Purpose: To describe the process of translation and cultural adaptation of the Patient empowerment in long-term condition to the Spanish language.

Design: Translation, cross-cultural adaptation, and pilot testing (cognitive debriefing) LOCATION: Primary and Hospital care.

Participants: Ten patients admitted to a cardiology department of a University Hospital MAIN MEASUREMENTS: 1) Direct translation, 2) conciliation and synthesis of the versions by expert panel, 3) back- translation, 4) agreement on the back-translated version with the author of the original version, 5) analysis of comprehensibility through cognitive interviews.

Results: There were no differences between the direct-translated versions. The expert panel introduced changes in 23 out of the 47 items of the questionnaire. The author of the original version agreed with the version of the back-translation. In the cognitive interviews, patients reported high difficulty in one item and low difficulty in 4.

Conclusions: The Spanish version of the Patient Empowerment in long-term conditions questionnaire is semantically and conceptually equivalent to the original tool. The assessment of the psychometric properties of the Spanish version of the questionnaire will be carried out at a later stage.
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http://dx.doi.org/10.1016/j.aprim.2017.09.009DOI Listing
http://www.ncbi.nlm.nih.gov/pmc/articles/PMC6836925PMC
January 2019

Improving the therapeutic relationship in inpatient psychiatric care: Assessment of the therapeutic alliance and empathy after implementing evidence-based practices resulting from participatory action research.

Perspect Psychiatr Care 2018 Apr 13;54(2):300-308. Epub 2017 Sep 13.

School of Nursing, Rovira i Virgili University, Tarragona, Spain.

Purpose: To examine how evidence about the therapeutic alliance gleaned from participatory action project affected the level of this alliance and the degree of empathy of psychiatric nurses.

Design And Methods: Quasi-experimental study in two psychiatric units. In one group, evidence-based practices that affected the therapeutic alliance were implemented; in the comparison group, there was no such intervention.

Findings: The nurses from the intervention group improved their degree of empathy and factors such as agreement on objectives and tasks with the patient.

Practice Implications: The results confirm the possibility of measuring and improving the therapeutic relationship in psychiatric care.
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http://dx.doi.org/10.1111/ppc.12238DOI Listing
April 2018

Transcultural adaptation and validation of the patient empowerment in long-term conditions questionnaire.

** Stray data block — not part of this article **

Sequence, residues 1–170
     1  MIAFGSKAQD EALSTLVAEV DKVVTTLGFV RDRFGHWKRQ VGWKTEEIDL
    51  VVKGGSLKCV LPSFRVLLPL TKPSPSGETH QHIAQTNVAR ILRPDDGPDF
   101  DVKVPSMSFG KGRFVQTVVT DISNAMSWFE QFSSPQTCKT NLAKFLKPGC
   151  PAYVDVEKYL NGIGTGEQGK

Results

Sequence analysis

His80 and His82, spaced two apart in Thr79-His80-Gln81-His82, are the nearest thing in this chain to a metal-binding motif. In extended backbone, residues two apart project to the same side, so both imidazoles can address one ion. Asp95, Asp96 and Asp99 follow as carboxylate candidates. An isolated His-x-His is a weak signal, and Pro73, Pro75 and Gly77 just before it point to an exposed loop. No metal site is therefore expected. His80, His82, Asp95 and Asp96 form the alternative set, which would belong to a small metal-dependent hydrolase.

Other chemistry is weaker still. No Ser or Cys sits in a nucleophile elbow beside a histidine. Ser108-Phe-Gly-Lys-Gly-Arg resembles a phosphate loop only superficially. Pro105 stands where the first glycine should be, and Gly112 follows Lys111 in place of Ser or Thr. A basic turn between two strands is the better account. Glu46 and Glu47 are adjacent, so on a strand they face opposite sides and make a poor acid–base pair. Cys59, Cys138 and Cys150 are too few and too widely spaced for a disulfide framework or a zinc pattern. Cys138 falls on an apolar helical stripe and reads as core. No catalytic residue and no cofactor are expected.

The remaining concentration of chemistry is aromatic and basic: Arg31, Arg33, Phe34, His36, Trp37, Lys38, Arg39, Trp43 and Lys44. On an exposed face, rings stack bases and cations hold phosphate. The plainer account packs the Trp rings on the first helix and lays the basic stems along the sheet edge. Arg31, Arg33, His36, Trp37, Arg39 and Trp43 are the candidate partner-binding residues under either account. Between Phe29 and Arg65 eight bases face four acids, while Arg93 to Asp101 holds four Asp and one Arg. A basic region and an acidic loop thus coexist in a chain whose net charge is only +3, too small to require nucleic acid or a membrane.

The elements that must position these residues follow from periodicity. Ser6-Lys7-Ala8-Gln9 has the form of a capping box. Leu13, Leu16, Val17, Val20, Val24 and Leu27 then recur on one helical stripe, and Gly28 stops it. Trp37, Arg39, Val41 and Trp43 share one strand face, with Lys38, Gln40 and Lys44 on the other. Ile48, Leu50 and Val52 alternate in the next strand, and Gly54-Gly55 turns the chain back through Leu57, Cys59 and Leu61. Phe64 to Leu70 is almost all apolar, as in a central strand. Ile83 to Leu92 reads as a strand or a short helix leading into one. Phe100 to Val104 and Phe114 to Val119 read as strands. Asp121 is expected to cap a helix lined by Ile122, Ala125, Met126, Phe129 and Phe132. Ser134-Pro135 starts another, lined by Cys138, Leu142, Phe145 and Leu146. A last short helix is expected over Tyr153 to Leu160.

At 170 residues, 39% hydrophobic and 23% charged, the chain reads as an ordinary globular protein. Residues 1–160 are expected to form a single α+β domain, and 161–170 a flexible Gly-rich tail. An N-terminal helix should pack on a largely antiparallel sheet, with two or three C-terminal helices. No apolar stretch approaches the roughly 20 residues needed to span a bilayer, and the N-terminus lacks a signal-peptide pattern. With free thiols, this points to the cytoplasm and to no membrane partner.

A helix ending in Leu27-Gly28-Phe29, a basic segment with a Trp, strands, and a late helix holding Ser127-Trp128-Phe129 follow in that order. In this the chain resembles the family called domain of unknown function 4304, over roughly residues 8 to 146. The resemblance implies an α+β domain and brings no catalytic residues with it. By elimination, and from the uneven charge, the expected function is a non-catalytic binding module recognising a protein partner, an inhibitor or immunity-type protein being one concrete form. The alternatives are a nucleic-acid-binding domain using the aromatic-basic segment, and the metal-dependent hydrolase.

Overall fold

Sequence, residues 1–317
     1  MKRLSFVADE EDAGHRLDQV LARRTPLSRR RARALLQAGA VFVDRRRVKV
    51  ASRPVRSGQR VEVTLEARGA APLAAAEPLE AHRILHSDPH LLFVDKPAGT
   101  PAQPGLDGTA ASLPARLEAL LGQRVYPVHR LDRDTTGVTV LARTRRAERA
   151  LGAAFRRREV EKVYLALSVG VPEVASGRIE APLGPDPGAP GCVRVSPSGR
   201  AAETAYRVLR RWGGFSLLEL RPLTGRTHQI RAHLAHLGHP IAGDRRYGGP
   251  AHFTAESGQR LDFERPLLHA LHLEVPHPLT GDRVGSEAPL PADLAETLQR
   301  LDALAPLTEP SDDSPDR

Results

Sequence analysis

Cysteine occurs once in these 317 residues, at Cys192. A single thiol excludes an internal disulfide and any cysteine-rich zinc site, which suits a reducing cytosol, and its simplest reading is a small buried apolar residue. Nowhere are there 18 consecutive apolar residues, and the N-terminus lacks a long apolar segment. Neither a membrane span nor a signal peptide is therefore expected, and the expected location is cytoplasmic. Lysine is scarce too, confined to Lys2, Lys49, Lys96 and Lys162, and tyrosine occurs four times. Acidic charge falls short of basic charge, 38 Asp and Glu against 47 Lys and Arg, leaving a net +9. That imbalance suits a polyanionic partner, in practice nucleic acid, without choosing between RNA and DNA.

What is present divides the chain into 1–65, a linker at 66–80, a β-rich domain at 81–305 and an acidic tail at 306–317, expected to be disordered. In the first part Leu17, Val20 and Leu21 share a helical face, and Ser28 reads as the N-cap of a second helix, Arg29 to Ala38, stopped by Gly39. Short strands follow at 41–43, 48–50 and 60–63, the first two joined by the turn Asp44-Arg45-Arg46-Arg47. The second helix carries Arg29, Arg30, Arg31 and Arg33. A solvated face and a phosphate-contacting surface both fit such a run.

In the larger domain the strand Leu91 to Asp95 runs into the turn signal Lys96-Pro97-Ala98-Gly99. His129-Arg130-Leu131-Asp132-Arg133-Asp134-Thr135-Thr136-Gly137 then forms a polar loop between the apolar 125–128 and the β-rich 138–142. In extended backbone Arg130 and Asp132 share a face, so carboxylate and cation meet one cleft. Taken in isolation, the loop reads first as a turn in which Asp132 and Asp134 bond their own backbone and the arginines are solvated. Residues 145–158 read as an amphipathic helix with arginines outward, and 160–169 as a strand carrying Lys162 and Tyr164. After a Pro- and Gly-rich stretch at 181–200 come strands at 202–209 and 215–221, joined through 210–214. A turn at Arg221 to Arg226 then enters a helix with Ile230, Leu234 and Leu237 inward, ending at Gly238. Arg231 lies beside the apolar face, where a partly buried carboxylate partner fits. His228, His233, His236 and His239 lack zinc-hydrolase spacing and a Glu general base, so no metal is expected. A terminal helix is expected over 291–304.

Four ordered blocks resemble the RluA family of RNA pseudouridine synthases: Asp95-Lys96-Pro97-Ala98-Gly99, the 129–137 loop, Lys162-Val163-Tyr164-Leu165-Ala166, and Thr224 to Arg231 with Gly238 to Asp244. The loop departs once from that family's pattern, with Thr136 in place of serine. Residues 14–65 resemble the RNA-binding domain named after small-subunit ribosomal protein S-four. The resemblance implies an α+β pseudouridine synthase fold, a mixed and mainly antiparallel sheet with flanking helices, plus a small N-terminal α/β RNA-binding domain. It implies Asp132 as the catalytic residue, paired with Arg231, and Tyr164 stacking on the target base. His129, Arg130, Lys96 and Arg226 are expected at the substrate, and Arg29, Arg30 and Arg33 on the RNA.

BMC Health Serv Res 2017 05 4;17(1):324. Epub 2017 May 4.

Cardiology Department, Hospital del Mar, Parc de Salut Mar, Barcelona, Spain.

Background: Patient empowerment is a key element to improve the results in health, increase satisfaction amongst users and obtain higher treatment compliance. The main objective of this study is to validate the Spanish version of the questionnaire "Patient empowerment in long-term conditions" which evaluates the patients' level of empowerment of chronic diseases. The secondary objective is to identify factors which predict basal empowerment and changes (improvement or deterioration) in patients with Heart Failure (HF).

Methods: An observational and prospective design of psychometric type to validate a questionnaire (aim 1) and a prospective study of cohorts (aim 2). The study will include 121 patients with confirmed diagnosis of HF. Three measurements (basal, at 15 days and at 3 months) will be carried out: quality of life, self-care and empowerment. Descriptive and inferential analyses will be used. For the first aim of the study (validation), the test-retest reproducibility will be assessed through intraclass correlation coefficient; internal consistency will be assessed through Cronbach's alpha coefficient; construct validity through Pearson's correlation coefficient; and sensibility to change through effect size coefficient.

Discussion: Set a valid questionnaire to measure the level of empowerment of patients with chronic diseases could be an effective tool to assess the results from the provision of the health care services. It will also allow us to identify at an early stage, those groups of patients with a low level of empowerment. Hence, they could become a risk group due to poor management of the disease, with a high rate of decompensation and a higher use rate of the health system resources.
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http://dx.doi.org/10.1186/s12913-017-2271-7DOI Listing